Thursday, June 11, 2009

Facebook Study on Personal Networks


I found an interesting study by Facebook that set out to answer this question: Is Facebook increasing the size of people's personal networks? The researchers discovered that the answer was not so easy. First they had to define "network." On Facebook they found four types:

"1. All Friends: the largest representation of a person's network is the set of all people they have verified as friends.

2. Reciprocal Communication: as a measure of a sort of core network, we counted the number of people with whom a person had had reciprocal communications, or an active exchange of information between two parties.

3. One-way Communication: the total set of people with whom a person has communicated.

4. Maintained Relationships: to measure engagement, we took the set of people for whom a user had clicked on a News Feed story or visited their profile more than twice."

Regarding these maintained relationships, the study says: "Facebook and other social media allow for a type of communication that is somewhat less taxing than direct communication. Technologies like News Feed and RSS readers allow people to consume content from their friends and stay in touch with the content that is being shared. This consumption is still a form of relationship management as it feeds back into other forms of communication in the future. For instance, a high school friend uploads a photo of her new puppy and this photo appears in your News Feed. You click on the photo, browse through a host of other photos and discover that she has also gotten engaged, which may lead you to reach out to her.This type of communication is the core of the Facebook experience."

The study found that Facebook users have between 2 and 2 1/2 more maintained relationships than reciprocal ones. (It has a chart for easy visuals.)

I use Facebook for marketing--to reach out to my fans and to extend my readership. I've experienced what the study shows: my "maintained relationships" greatly increase my network. Yes, I keep active on my page, posting updates (through Twitter) and responding to comments. These are the day-to-day "reciprocal communications." But the quoted paragraph above on maintained relationships is right. My network is expanded by folks who, say, happen upon a picture of me--perhaps posted by someone else--and click over to my page or my picture gallery of book covers. They may not even talk to me, but they're absorbing information about me. Then if they want, they can click over to my page and leave me a note.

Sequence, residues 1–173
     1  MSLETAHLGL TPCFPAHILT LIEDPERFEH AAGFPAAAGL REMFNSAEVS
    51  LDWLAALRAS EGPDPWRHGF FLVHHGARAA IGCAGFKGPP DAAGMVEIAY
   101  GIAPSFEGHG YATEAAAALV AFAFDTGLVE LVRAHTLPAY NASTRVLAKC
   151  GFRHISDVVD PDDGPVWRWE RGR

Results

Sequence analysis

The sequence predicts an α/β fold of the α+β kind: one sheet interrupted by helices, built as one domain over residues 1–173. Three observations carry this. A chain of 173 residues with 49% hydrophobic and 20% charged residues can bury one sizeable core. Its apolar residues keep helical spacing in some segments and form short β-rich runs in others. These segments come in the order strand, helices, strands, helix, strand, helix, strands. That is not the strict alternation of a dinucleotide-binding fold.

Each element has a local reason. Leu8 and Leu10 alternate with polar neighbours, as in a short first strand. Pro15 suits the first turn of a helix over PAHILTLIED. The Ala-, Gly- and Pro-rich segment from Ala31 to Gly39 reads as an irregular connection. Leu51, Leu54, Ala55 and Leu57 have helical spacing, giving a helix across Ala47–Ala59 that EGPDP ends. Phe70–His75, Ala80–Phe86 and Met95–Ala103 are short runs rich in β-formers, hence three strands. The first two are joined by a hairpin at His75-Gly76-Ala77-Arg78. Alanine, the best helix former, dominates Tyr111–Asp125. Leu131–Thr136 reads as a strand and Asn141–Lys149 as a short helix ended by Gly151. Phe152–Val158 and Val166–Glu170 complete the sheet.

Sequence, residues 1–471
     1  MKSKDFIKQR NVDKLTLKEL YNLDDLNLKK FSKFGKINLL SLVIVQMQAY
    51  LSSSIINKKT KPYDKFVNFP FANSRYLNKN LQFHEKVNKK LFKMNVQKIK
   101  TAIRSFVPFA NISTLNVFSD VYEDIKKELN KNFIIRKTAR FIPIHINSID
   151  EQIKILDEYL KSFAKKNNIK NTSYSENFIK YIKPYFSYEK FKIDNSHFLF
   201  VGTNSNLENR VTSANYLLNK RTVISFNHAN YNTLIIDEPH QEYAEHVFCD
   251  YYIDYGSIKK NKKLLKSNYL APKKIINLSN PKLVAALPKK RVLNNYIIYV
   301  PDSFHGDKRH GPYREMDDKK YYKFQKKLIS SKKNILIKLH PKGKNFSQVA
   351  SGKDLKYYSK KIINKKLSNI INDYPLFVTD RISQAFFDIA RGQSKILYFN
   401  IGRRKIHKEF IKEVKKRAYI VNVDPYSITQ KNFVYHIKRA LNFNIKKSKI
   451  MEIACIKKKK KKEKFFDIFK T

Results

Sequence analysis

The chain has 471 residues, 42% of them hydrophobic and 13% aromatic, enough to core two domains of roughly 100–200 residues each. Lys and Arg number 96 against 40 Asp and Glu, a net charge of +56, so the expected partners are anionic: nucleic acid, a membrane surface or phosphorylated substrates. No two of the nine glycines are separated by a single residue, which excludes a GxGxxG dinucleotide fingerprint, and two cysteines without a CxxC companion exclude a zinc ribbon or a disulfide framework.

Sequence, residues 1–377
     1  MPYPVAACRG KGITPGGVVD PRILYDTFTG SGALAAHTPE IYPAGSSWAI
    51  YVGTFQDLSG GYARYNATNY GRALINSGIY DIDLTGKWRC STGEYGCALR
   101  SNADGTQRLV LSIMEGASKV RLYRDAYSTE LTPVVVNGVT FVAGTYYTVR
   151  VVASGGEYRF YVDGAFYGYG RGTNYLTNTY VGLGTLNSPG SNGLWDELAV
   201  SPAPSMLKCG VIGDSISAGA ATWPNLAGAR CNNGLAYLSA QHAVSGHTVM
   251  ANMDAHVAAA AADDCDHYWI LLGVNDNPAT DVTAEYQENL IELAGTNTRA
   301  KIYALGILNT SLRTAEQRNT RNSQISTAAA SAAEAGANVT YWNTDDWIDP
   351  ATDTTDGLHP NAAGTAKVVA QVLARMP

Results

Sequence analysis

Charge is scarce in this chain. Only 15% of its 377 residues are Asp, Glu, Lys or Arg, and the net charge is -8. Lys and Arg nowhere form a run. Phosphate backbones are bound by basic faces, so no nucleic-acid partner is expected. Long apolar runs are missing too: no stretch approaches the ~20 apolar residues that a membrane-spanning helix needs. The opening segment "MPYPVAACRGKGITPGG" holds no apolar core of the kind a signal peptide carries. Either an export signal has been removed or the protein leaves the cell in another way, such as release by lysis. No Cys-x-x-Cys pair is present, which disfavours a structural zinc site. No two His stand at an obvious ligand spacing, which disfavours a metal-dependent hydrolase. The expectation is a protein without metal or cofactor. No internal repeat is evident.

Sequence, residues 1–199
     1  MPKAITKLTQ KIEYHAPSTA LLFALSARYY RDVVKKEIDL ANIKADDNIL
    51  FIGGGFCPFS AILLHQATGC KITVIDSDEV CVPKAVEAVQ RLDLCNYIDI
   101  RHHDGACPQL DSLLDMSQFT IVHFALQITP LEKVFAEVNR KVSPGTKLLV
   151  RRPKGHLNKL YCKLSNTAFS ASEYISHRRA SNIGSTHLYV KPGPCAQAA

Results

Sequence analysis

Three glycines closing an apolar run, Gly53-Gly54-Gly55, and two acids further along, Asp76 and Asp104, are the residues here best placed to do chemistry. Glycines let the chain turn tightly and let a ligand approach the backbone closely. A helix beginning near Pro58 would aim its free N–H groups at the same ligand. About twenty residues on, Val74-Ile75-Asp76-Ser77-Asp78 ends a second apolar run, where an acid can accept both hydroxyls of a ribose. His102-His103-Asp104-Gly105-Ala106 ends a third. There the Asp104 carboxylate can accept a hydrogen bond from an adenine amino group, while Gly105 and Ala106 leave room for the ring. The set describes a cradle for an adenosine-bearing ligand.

Once they get to my home page (fueled by the reciprocal network), when they they see it's active, with conversations throughout the day, they're more likely to want to be a part of that reciprocal relationship. He/she wants to get in on the action, so to speak. So one kind of network feeds the other. And the more friends I have overall (now at 1500), the more likely others are to find me and communicate with me.

Read the rest of the study here. Interesting information to absorb for marketing and networking purposes.

4 comments:

Carmen7351 said...

I love FB to keep up with family, however, they are now texting, so I'm not able to keep up much.

Sheila Deeth said...

Fascinating, though I'm still not on FB due to a long-ago promise to give my sons their privacy - seems kind of ironic really.

Teri D. Smith said...

I'm wondering if one aspect of facebook that works for authors is the instant communication and the feeling that fans can actually comment and "talk" with their favorite authors. I lived in awe of authors (still do 'cause I love 'em so much) but facebook allows readers to feel like they can talk with a bit of greatness.

What do you think?

~ Brandilyn Collins said...

I don't know about the "little bit of greatness" part, but otherwise I agree. It is nice to be able to communicate with authors we enjoy. And the more we can get to know an author personally, the greater chance we'll read that author's next book.